6 Autobots

Grimlock ♥ Ultra Magnus

I'm a well read grad student who's bluntly honest about all things, although I try to be most honest about myself.   

Currently reading

Separate Orbits
Yael Mermelstein
Progress: 119/427pages
BATMAN #53 ((Regular Cover)) - DC Comics - 2018 - 1st Printing
LeeWeeksBatman53, TomKingBatman53
BATMAN #54 ((Regular Cover)) - DC Comics - 2018 - 1st Printing
MattWagnerBatman54, TomKingBatman54
BATMAN #52 ((DC REBIRTH)) ((Regular Cover)) - DC Comics - 2018 - 1st Printing
LeeWeeksBatman52, TomKingBatman52
BATMAN #51 ((DC REBIRTH)) ((Regular Cover)) - DC Comics - 2018 - 1st Printing
LeeWeeksBatman51, TomKingBatman51
Infinity Wars: Iron Hammer (2018) #1 (of 2)
Al Ewing, Humberto Ramos
Champions (2019-) #4
Jim Zub, Jacinto Benavente
SUICIDE SQUAD #46 ((Regular Cover)) - DC Comics - 2018 - 1st Printing
JosLuisSS46, RobWilliamsSS46
SUICIDE SQUAD #45 ((SINK ATLANTIS)) ((DC REBIRTH )) ((Regular Cover)) - DC Comics - 2018 - 1st Printing
JosLuisSuicideSquad45, RobWilliamsSuicideSquad45
Champions (2019-) #3
Jim Zub, Jacinto Benavente

Illuminating and Luminous book about Georges Méliès!

The Invention of Hugo Cabret - Brian Selznick

So, I'd seen Hugo when it first came out in the theaters, thought I should give this book a try, and promptly forgot about it until I saw it on the shelf of the library.   I'm so glad I picked it up, though, because it was absolutely brilliant!  It's a combination of text and illustrations and photographs that tell one story; while the narrative is straightforward in that it moves from one point to another, it's also wholly original in how it incorporates the images.  


It's also a super quick read.   It comes in at 500+ pages, including an acknowledgement in the back and a list of illustrations, movies that it references, what is historically accurate and what is original, and books and links to learn more about Méliès.   I read at least fifty pages in a half hour, as some were illustrations, some were full pages of text, and some had barely a paragraph per page.   But it was the mystery of Hugo Cabret's automaton - and yay, automaton! - that kept me turning the page as it intertwined with Méliès and his family.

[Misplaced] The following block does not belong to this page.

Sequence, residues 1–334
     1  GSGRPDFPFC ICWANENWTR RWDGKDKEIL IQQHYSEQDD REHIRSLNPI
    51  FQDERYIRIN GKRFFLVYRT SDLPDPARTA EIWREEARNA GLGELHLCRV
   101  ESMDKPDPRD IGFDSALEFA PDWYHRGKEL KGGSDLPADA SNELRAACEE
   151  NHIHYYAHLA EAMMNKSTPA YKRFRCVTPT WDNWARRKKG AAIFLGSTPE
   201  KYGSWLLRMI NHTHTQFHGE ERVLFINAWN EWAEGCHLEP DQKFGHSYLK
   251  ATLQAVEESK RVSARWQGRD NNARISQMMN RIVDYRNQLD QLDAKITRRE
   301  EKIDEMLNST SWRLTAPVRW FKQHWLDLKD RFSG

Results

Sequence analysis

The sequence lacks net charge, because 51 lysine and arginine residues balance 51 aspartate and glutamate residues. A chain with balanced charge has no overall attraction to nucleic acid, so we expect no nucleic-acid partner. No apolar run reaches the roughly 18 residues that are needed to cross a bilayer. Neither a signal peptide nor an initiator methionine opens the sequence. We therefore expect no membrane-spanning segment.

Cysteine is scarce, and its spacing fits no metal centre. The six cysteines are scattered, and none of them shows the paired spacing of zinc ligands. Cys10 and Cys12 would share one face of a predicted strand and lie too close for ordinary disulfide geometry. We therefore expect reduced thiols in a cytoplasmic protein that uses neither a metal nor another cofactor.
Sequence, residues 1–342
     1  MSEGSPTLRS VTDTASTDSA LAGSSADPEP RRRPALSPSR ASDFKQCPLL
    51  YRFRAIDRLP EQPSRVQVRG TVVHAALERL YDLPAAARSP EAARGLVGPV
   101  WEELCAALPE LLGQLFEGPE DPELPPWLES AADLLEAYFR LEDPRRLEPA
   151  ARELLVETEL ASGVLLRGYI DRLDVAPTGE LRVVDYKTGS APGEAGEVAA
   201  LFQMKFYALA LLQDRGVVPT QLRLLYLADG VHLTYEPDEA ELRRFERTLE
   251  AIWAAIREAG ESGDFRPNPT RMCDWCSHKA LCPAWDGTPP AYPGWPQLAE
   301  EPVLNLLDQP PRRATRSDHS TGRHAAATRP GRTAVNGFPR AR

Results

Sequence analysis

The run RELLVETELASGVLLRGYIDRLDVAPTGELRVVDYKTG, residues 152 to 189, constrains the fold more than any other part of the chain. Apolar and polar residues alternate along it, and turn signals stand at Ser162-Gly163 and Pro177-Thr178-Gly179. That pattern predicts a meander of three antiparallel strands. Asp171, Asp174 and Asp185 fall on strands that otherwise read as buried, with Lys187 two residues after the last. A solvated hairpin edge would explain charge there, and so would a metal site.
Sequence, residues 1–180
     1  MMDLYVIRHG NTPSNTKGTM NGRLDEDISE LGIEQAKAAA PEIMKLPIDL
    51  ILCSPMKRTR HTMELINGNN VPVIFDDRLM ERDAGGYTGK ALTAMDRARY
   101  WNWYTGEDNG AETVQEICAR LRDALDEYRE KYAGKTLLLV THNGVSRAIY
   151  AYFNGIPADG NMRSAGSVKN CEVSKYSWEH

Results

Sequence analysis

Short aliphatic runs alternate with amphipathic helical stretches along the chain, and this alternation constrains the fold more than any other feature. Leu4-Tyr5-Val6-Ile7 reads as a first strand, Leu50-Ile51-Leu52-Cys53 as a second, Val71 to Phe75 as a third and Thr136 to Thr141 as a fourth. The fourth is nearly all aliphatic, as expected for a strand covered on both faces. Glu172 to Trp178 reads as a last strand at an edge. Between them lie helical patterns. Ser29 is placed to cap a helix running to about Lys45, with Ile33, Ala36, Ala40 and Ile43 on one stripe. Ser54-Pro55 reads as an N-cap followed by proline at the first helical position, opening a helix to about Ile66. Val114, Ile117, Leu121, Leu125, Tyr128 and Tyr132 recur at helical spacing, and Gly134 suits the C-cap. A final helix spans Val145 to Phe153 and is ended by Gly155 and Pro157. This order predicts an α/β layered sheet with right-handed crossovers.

And this story is as magical as it depicts films as being, it is, in fact, like dreaming during the day.   Or night.   Whenever you're reading it.   The illustrations are lush, and fitting to each scene, ranging from quiet desperation, to rage, to a brilliant ecstasy that is mirrored in how bright the scenes become.   The story is brilliantly told, detailed, carefully plotted, the characters all coming to what feels like an inevitable conclusion.   And it's all about a French filmmaker!   I'm half-French so I have a particular interest in all things French, and it was a delight to read about the imagined life of one of the pioneers of cinematography, who happened to be French.  


Even without that connection, there's enough of a story and a mystery to keep children and adults reading along, eager to find out what happens to Hugo.   Five stars!   Five stars are, in fact, not enough.   Love, love, love.